When Dahlia Putt made her appearance into the world at 28 weeks, the odds were against her. Now, four weeks on, a beautiful image of Dahlia latching on to her mother to breastfeed is proving a bond between a mother and child is stronger than anything else.
When Keri Putt’s waters broke at 21 weeks pregnant, doctors gave her two choices – induce labour with only the slimmest chance her daughter would survive or carry her the rest of the pregnancy with no idea how things would turn out.
Keri and her husband chose the latter and, as advised by her doctor, Keri went on strict bed rest for seven weeks, attempting to keep her daughter safe and secure in the womb for as long as she could.
Due to a placental abruption at 28 weeks, Dahlia was born via caesarean section with the expectation of severe health complications and a small chance of survival. She weighed just over 1 kilogram (2 lbs, 5oz) – about the same as a canteloupe – and was 35 centimetres long.
However, Dahlia has surprised everyone, not only thriving but also latching on to the breast at just 32 weeks gestation (4 weeks old) – something that doctors said couldn’t be done until 34-36 weeks gestation.
Keri posted a photo of Dahlia latching on to the breast on the Facebook page Breastfeeding Mama Talk.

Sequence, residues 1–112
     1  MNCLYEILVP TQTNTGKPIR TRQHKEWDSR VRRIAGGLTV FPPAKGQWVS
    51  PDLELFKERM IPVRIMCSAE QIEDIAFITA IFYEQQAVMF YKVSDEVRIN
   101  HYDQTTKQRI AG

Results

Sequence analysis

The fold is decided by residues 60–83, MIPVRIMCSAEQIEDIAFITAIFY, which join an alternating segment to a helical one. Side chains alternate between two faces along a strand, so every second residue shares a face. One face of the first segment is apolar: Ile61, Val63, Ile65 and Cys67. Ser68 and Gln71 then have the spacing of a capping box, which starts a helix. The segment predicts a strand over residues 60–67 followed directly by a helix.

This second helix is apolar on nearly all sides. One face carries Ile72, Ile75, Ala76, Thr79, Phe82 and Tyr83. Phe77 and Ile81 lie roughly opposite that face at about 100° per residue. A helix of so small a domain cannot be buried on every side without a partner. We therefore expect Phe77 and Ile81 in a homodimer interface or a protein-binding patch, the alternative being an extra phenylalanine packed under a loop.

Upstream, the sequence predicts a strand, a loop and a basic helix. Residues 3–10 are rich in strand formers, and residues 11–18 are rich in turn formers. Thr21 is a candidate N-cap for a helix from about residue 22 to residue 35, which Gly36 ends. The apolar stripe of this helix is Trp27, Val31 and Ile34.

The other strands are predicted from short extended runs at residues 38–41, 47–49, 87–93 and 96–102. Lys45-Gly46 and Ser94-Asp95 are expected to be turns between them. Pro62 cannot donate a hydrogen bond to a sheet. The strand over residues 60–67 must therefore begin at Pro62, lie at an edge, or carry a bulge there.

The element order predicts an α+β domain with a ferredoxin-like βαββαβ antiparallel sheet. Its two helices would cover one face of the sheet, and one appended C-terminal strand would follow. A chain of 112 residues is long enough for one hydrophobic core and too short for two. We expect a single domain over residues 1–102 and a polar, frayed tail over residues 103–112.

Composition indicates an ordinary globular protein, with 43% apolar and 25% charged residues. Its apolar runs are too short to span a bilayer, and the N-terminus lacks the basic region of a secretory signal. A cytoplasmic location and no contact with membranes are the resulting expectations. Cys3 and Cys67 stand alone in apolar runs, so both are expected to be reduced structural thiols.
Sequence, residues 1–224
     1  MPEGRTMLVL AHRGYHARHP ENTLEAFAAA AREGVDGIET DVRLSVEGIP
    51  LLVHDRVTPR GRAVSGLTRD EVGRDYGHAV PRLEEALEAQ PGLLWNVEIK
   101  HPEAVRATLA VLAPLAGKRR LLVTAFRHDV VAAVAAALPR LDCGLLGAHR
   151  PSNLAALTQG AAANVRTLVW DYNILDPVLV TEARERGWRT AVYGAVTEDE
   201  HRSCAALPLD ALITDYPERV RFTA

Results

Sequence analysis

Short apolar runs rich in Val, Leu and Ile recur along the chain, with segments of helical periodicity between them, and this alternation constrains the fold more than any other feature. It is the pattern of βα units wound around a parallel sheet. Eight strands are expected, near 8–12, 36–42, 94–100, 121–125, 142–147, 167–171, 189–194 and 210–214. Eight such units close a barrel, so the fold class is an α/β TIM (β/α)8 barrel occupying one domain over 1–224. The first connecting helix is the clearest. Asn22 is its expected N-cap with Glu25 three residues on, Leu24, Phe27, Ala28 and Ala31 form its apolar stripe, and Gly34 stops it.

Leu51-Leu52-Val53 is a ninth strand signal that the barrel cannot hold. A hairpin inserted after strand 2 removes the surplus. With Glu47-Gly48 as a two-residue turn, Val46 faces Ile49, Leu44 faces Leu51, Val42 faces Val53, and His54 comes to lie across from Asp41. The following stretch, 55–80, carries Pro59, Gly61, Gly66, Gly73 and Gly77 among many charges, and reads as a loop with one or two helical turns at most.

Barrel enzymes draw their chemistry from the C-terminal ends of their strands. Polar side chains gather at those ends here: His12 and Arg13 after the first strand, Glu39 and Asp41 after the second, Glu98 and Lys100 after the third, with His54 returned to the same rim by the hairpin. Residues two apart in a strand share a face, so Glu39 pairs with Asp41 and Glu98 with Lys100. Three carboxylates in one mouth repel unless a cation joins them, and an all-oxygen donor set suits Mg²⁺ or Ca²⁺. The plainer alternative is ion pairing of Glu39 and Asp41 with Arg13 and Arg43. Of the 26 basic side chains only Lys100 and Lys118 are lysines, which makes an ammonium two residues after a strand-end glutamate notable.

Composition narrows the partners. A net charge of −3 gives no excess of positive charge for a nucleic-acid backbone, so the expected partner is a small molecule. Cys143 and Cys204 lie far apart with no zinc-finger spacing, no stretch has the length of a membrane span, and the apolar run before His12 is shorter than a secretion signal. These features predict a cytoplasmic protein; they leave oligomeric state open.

"This was me and my girl today. Our first time as well! She is 4 weeks today. Born at 28 weeks. Water broke at 21 weeks…
“This was me and my girl today. Our first time as well! She is 4 weeks today. Born at 28 weeks,” Keri writes.
Although Dahlia remains in NICU in Washington, USA, she is expected to go home soon. And, despite being born three months early, the little one has never needed oxygen and appears healthy in every way.
As Keri explains below her photo, “Dahlia is proving everyone wrong!”
The family, who also have two other children, have started a GoFundMe page to keep followers updated on their “small but mighty” little girl.
Make sure you also check out our feature on the little girl who was born at 22 weeks gestation as well as our post on the importance of skin-to-skin contact, especially for premature infants.